The collapse of the Soviet Union in 1989 cut off Cuba’s Comintern subsidies and key trading partner, plunging the economy into depression. This disaster led to a 35% contraction in GDP, leading to the “Special Period” of the 1990s in which the government was forced to ration food and fuel, and close numerous state-owned factories to stay afloat.
Since then Cuba has grown increasingly dependent on tourism and agriculture, with sugar remaining its staple export. Though the country is believed to have vast oil reserves, it is unable to take advantage of them due to a lack of proper infrastructure. Collapse in manufacturing led to Cubans’ famous reliance on rusty 1950s Cadillacs and horse-drawn carriages for transport.
This resourcefulness continues in the inventive “El Paquete Semanal” (the weekly package), a scheme where Cubans - to bypass the limitations of the US embargo and a slow and censored internet - consume Western media through an exchange of hard drives uploaded with films, music and TV shows.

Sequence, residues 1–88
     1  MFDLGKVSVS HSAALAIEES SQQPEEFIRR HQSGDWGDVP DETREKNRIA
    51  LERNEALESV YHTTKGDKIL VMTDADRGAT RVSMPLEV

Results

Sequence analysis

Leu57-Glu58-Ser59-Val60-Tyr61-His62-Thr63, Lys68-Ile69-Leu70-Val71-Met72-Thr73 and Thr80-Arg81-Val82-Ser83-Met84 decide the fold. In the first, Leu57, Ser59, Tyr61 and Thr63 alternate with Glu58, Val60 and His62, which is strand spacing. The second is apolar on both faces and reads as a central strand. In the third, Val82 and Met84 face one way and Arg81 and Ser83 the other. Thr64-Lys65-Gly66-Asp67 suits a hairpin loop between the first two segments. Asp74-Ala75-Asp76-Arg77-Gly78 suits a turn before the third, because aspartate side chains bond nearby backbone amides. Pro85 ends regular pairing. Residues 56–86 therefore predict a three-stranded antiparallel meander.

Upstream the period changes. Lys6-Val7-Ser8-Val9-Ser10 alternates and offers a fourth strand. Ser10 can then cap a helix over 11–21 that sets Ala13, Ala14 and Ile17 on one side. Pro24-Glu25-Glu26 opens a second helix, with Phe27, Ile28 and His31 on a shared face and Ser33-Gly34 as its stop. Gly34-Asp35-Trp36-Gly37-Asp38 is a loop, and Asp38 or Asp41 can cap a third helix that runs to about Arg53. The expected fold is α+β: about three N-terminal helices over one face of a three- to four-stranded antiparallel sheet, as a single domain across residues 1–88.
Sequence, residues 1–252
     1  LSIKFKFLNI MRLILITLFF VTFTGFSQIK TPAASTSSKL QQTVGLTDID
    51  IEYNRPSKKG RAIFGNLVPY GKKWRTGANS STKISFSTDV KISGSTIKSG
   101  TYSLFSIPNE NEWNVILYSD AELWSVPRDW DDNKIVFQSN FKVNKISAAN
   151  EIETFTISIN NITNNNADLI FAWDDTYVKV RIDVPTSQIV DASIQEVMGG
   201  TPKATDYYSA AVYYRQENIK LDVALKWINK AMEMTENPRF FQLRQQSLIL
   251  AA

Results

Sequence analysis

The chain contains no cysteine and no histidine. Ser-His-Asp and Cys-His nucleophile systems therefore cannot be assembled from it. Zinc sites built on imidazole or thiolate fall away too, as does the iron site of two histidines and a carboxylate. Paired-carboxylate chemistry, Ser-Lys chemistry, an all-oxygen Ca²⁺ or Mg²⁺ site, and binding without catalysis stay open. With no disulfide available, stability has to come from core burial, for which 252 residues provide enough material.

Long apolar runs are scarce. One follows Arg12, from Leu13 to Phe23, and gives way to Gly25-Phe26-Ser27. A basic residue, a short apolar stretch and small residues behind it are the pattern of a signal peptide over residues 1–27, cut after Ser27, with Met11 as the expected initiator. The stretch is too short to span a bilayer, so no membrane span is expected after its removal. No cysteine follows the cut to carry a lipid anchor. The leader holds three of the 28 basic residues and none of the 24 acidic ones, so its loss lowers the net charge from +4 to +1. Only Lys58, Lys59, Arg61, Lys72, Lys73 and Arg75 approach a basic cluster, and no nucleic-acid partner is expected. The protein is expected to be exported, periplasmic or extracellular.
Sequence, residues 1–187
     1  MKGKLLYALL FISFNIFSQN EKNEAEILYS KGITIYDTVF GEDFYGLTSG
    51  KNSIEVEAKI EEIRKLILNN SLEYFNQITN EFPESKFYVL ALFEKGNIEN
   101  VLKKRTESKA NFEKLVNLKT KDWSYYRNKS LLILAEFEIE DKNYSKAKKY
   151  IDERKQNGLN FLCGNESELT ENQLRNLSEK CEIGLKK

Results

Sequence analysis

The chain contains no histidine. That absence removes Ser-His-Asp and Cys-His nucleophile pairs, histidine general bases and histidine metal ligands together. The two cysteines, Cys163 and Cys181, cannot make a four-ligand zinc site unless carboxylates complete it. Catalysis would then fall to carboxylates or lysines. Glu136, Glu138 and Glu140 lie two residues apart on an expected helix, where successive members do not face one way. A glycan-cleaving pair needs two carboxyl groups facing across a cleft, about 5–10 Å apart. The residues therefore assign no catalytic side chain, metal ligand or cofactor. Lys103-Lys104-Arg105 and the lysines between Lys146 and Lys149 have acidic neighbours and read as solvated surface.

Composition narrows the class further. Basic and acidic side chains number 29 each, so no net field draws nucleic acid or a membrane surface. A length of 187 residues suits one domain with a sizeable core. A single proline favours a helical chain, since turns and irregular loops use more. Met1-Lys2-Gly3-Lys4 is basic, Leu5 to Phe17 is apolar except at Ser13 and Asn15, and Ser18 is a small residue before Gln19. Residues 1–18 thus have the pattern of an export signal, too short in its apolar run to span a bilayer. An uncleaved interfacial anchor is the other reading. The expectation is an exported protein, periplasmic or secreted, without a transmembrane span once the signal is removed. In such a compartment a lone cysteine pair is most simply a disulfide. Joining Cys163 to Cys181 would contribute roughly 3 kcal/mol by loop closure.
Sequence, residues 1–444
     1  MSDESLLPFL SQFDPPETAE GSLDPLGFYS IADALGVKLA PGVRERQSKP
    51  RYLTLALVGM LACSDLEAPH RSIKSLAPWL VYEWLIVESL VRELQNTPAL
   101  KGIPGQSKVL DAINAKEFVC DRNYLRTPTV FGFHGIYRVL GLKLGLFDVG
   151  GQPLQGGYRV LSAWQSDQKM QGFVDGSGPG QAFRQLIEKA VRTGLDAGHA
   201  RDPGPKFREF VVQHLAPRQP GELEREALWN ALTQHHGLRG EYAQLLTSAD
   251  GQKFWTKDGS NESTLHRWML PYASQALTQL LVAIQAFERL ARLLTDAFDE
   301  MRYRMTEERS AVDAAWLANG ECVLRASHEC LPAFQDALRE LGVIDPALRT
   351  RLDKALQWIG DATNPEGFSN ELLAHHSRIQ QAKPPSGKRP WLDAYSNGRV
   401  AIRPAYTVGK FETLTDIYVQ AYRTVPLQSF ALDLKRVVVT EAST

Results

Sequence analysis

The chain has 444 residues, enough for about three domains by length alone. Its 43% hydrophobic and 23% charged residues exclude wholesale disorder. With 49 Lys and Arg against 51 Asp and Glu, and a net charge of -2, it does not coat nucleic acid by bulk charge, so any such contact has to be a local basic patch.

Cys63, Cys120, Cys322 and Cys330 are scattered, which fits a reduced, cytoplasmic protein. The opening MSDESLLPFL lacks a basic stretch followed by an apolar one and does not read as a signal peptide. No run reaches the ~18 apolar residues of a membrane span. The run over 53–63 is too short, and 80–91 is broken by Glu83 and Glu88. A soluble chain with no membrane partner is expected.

It’s a phenomenon that demonstrates the dilemma for Cubans. Although they may cherish the socialist values enshrined in their constitution, they can only feel frustrated by their fortressing from the modern world.
Grossly hypocritical Castro framed himself as a lesser evil
A key question is what the Cuban brand of socialism could achieve if they were able to utilise the wealth gained from trade and foreign investment - especially from the US - rather than having to rely on a primarily controlled economy, an insecurity which assisted in Castro in his grip on power.
In 2010, Castro took personal responsibility for the Revolutionary-era discrimination against LGBT people. Raul Castro's daughter Mariela heads the National Centre for Sex Education, which is supported by the state to promote LGBT health awareness. The progress exemplifies the complexity and evolution of Cuban society.
According to José Manuel Vivanco of Human Rights Watch, the embargo allowed Castro “to play the victim and discouraged other governments from condemning his repressive policies”, with Obama’s thaw “depriving the Cuban government of its main pretext for repressing dissent on the island.”